“There can be no doubt that this period destroyed the economy of China and directly contributed to the deaths of millions on top of the estimated five million executed in death camps. But the greatest loss of life under Mao came during the next period 1958-1962 under the perverse name “Great Leap Forward” in which Mao – convinced of his own academic brilliance – forced insane, untested work and farming practices upon the Chinese people causing the deaths of up to 72 millions of innocent peasants – making Mao the single greatest mass murderer in human history.” (One-Evil.Org)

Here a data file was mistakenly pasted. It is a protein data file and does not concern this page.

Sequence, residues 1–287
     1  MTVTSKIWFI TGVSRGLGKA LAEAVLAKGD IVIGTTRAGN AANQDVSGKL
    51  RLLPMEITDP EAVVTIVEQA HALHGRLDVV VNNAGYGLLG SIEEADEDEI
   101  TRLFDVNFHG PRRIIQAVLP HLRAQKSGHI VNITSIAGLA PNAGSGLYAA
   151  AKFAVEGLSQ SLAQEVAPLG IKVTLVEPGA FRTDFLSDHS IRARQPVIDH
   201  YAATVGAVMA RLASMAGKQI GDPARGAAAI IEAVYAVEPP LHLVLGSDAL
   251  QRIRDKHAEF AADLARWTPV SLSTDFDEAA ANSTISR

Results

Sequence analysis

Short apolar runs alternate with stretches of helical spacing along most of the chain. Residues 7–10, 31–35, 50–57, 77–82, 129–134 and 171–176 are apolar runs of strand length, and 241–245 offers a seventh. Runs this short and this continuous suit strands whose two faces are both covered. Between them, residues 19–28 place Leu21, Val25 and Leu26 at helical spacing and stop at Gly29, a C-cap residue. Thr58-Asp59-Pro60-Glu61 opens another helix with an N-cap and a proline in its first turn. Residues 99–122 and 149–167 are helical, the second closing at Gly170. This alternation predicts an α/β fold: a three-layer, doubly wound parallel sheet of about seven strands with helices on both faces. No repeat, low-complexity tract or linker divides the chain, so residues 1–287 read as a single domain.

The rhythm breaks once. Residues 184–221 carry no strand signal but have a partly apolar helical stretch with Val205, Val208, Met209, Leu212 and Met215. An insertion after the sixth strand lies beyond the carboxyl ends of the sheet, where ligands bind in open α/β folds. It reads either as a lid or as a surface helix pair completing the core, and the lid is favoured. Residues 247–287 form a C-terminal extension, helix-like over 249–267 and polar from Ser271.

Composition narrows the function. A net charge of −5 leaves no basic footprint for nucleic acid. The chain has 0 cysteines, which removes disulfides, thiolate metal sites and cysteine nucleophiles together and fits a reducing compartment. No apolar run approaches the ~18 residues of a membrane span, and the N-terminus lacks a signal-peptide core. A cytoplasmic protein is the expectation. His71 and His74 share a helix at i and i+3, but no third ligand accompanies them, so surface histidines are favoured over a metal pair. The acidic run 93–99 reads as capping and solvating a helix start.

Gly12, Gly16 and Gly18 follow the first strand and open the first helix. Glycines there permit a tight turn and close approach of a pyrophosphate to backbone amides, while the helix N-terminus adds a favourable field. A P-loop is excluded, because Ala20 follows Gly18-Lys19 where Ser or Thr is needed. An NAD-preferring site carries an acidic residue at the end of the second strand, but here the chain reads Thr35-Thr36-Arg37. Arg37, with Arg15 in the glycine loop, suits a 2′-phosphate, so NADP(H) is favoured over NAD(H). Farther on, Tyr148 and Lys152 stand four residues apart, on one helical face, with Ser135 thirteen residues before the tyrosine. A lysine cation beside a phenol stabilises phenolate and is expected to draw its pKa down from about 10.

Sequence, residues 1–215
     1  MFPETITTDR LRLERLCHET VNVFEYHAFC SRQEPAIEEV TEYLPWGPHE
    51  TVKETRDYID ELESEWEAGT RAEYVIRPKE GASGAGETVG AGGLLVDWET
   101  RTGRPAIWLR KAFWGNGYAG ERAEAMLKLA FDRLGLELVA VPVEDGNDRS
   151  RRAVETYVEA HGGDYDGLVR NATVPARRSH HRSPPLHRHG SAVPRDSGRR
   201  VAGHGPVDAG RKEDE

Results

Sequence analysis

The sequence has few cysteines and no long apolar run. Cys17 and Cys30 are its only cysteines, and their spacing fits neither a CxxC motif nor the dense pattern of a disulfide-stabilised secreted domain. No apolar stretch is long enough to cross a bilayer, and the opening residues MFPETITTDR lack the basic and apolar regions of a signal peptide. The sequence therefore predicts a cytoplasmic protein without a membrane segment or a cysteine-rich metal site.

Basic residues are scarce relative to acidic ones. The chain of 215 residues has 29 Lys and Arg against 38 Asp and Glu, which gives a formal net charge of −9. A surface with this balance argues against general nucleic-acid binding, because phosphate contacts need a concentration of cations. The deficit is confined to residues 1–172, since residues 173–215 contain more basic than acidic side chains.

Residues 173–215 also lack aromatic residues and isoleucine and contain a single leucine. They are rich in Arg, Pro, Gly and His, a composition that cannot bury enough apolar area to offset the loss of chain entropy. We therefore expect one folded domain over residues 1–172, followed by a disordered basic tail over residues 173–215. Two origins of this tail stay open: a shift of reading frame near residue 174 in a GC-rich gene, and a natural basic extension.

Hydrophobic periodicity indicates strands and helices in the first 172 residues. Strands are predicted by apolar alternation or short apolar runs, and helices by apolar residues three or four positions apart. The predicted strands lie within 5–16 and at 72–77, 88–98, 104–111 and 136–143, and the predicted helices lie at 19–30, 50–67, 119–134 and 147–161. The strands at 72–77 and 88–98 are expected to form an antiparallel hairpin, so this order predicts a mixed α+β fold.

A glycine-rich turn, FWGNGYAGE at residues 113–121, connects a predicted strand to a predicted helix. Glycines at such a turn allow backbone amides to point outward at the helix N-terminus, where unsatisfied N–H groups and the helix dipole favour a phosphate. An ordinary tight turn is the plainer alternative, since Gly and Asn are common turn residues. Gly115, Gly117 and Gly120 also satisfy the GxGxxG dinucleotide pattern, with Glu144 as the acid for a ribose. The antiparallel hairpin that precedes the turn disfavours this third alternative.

Mao was bad. North Korea carries on the great tradition behind their silent walls, led by the notoriously poor-dressing Kim Jong-il, whose 9,000,000 body death count recently garnered him status as one of the most evil men alive.
Are We Done Yet?
Yes. And thankfully, communism is almost dead as well. Only 5 countries exist that still follow the communist ideal, and two of those–China and Viet Nam–have begun to move towards a form of Nationalism, allowing them to take advantage of Capitalism.
I have intentionally stayed away from discussions of politics in my WordPress blog. I believe that what I have written here is non-partisan and I hope that it strikes a chord in someone. I have written what I only assumed we all knew… but as I have seen, there are some who are being led down a different path in history. Let us seek the truth, regardless of how ugly it may be.